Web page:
22:23 GMT21 January 2021
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    Despite the approval to have long time Guantanamo detainee Shaker Aamer transferred back to the UK, his release is being blocked by top Pentagon officials who are using him and other detainees as pawns to prevent the infamous detention facility from shutting down.

    A permanent resident of the UK, Aamer was captured by the Afghan Northern Alliance in November 2001 while doing charity work in the region. Since then he has endured brutal torture at the notorious Bagram prison, only to be sent to Guantanamo Bay later in 2002, where he has remained until now, without charge.

    During his thirteen-year detention, Aamer was cleared for release not once, but twice: once under the Bush administration, and a second time under Obama’s presidency. The Guantanamo detainee who has now become a cause célèbre in the UK, has gone through an arduous process requiring the unanimous approval of six agencies for his release.

    The US Department of State, Department of Homeland Security, and Office of the Director of National Intelligence have all approved his transfer to the UK. In October 2013, US officials met with their bipartisan British counterparts and reached a deal to have Shaker transferred.

    Despite all the agreements and approvals, Shaker remains locked up in Guantanamo.  

    Mauritanian Ahmed Ould Abdel Aziz and Saudi Abdul Shalabi, who have also been cleared for transfer back to their home countries, are similarly detained. So what’s the holdup?

    According to a Guardian report, it’s the Pentagon.

    The agreement reached between US and UK officials on Aamer’s release requires a unanimous approval from senior officials, including those at the Pentagon.  Further, by law, the transfer requires the signature of US Secretary of Defense Ashton Carter, and so far, the Pentagon chief has been reluctant on signing his approval.

    When it comes to the transfer of detainees, Carter, backed by top Pentagon officials, have played "foot-dragging and process" games, an anonymous official told the Guardian. Indeed, despite claims of wanting to see Aamer’s transfer through, Carter’s stalling reflects a masked disapproval.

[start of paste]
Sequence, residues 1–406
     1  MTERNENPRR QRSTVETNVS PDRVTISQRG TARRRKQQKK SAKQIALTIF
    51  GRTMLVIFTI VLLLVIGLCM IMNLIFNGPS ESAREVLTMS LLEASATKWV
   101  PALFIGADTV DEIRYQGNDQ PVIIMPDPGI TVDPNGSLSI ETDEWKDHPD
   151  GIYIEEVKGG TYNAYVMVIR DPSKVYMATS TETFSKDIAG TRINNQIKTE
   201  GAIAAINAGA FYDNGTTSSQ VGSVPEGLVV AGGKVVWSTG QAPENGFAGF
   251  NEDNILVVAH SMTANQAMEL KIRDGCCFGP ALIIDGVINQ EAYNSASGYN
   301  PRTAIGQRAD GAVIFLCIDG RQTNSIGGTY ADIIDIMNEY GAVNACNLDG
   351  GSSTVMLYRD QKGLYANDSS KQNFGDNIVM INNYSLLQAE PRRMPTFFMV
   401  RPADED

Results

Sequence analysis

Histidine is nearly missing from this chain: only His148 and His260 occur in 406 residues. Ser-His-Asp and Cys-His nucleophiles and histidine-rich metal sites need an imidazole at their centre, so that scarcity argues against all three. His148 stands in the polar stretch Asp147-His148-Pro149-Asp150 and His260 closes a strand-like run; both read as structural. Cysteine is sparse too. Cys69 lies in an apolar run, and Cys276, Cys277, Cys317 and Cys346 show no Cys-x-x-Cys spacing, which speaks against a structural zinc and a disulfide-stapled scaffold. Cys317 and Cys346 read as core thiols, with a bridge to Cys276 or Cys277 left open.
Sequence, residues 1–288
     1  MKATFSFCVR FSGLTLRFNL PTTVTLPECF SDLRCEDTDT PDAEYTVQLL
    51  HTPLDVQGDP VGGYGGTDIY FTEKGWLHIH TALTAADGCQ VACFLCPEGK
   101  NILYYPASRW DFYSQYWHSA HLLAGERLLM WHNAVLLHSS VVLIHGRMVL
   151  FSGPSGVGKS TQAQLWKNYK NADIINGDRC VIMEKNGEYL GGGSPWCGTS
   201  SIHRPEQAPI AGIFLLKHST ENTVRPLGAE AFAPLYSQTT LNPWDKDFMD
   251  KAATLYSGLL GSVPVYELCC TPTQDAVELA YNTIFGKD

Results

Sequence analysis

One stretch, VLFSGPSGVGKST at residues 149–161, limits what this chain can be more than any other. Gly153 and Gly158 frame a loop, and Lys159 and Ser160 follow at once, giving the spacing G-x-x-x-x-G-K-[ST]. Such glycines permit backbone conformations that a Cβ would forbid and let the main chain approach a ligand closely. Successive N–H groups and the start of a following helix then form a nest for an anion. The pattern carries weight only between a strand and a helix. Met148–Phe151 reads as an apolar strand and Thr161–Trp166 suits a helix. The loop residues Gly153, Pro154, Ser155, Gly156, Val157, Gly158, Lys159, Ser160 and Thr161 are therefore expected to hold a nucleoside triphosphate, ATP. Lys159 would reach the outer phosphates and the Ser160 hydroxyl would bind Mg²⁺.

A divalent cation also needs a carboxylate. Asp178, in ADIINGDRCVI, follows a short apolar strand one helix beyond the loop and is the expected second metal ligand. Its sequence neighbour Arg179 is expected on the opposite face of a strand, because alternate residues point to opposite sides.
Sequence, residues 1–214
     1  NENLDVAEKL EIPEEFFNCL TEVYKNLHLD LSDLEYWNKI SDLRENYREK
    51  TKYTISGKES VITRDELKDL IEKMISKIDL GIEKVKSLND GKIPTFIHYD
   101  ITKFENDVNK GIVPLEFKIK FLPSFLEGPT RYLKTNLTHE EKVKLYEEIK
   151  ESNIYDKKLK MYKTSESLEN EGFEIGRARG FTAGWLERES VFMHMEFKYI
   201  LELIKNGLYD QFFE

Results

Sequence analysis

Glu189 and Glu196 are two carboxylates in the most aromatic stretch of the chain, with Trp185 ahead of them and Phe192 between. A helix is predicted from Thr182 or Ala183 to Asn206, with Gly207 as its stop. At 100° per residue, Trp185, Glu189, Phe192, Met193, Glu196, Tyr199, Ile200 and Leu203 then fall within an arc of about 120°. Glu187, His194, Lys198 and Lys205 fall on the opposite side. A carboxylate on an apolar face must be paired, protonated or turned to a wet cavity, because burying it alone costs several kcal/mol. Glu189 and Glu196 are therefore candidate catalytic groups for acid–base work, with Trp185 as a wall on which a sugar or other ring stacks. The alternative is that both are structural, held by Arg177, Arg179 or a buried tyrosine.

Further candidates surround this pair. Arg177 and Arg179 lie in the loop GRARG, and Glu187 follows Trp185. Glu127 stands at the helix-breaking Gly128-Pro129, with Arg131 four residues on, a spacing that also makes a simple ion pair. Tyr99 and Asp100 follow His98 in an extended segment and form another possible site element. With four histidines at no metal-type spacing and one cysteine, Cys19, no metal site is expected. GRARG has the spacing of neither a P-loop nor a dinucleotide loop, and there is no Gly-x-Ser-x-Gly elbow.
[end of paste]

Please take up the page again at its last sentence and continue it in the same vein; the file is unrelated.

Ultimately, for Pentagon officials, what this falls down to is the closure of the infamous facility. Joining Carter in the opposition are the outgoing chairman of the Joint Chiefs of Staff, General Martin Dempsey, and General John Kelly of the US southern command that oversees Guantanamo.

    "The building doesn’t want to do it," the official told the Guardian, referring to the Pentagon.

    Stalling transfers further reflects the internal fractures within the Obama administration as well as Congress in regards to closing down the facility. The White House has been accused of being ineffective and incoherent in shutting down Guantanamo, and the inability to transfer the detainees, which should be the simplest step given the granted approvals, is evidence of that failure.

    “Any month where we’re not seeing significant numbers of transfers undermines the president’s policy and is unfair to the individuals affected,” Clifford Sloan, the former state department envoy for closing Guantanamo said.

    Meanwhile, Aamer and other detainees are to remain incarcerated until the Department of State says otherwise.

    "If there is one thing that is worse than indefinite, arbitrary detention without trial," Clive Stafford Smith, one of Aamer’s US attorneys said, "it is indefinite, arbitrary detention without trial when 99% of the people on both sides think you should be released but one percent vetoes fairness secretly, without giving reasons, whether to Shaker or to the prime minister of Great Britain."


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    Guantanamo Bay, Department of State, Department of Homeland Security, Pentagon, Ahmed Ould Abdel Aziz, Abdul Shalabi, Clive Stafford Smith, Clifford Sloan, John Kelly, Martin Dempsey, Ashton Carter, Barack Obama, Shaker Aamer, United Kingdom, US
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